Today’s Catholic: How has serving in your role as the diocesan victim assistance coordinator impacted your own faith life?

Glowaski: One hundred and fifty-three: That is the number of allegations we have received in our diocese in the last 20 years. Not all are reflected in the numbers we report or the number of victim survivors on our credibly accused list, but individuals who call to share that they have suffered, and in some cases to say they do not want to report for themselves but out of concern for others they believe were also harmed.

It is not only my faith that has been impacted, but I am changed as a human being as witness to the unspeakable pain and, even more so, the amazing determination of victim survivors and those who love them to seek justice and healing, and to be known by and have a relationship with a God they believe abandoned them. Our victim survivors are the truest example of what living a life of faith means as they struggle to understand what happened to them and to confront the most difficult and unanswerable question: Why?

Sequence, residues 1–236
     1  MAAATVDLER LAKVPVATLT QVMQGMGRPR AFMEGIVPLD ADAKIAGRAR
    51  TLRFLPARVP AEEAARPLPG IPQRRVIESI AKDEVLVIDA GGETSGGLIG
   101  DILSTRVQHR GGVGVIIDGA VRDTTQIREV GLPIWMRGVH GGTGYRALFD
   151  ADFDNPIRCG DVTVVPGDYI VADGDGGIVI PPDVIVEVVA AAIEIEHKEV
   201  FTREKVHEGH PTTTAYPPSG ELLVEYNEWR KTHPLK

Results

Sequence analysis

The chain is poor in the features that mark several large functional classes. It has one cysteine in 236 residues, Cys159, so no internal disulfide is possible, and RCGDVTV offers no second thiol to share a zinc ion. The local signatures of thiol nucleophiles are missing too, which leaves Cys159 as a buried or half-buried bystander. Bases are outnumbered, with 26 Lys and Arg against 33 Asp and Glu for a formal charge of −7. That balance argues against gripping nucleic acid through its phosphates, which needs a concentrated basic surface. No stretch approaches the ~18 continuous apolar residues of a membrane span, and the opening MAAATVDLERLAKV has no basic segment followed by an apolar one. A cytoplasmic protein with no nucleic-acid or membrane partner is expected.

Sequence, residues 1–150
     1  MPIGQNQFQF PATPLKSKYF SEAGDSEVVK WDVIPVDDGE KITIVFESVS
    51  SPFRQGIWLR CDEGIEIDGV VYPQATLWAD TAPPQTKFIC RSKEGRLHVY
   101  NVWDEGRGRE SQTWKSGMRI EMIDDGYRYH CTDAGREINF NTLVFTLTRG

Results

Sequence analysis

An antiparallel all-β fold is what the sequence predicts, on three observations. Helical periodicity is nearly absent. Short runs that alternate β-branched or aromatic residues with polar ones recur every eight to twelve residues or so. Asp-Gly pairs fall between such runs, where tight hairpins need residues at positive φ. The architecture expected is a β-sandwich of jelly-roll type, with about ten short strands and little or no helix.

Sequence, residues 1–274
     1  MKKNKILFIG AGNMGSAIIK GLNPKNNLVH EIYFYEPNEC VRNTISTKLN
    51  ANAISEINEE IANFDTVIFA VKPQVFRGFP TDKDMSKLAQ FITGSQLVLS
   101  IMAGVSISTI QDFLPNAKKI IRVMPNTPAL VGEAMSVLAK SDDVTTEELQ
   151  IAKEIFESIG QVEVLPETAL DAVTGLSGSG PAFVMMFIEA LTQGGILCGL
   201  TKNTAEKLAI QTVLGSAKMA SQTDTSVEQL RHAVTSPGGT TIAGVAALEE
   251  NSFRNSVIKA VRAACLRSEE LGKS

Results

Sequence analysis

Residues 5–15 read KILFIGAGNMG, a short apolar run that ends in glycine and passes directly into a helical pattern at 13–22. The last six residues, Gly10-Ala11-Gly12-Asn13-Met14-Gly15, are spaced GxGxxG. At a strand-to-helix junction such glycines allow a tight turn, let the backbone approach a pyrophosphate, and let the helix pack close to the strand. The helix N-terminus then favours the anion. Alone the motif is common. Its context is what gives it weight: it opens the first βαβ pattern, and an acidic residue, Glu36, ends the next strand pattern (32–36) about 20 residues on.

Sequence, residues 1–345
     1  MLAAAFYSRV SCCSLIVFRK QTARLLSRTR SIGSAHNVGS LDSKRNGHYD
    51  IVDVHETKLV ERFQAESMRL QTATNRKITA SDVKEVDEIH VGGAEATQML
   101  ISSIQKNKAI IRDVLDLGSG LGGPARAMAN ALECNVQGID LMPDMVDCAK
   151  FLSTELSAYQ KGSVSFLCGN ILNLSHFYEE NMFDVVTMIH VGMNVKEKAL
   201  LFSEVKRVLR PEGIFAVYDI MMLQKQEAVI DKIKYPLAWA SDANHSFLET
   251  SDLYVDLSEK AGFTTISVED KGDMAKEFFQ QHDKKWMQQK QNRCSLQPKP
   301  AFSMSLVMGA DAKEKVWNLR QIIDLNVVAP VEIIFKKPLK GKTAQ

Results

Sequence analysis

I have been witness to the gift of grace when our bishop looks into the eyes of a victim survivor and expresses his profound sorrow for what was done and the suffering that was caused, to therapists who help family members understand the trauma suffered in their loved ones and how they can find healing, to priests who are willing listen to a survivor and carry the burden of this communal harm, and, most profoundly, to victim survivors who can say they forgive our Church and even the men who harmed them.

I have learned what it truly means to enter the pain of another and have nothing to offer but my prayer and love. I have been graced to walk with victim survivors in the most raw, messy, and agonizing pain, and in these places, I have found God in His most real, gentle, and compassionate expressions, and I am profoundly humbled and grateful.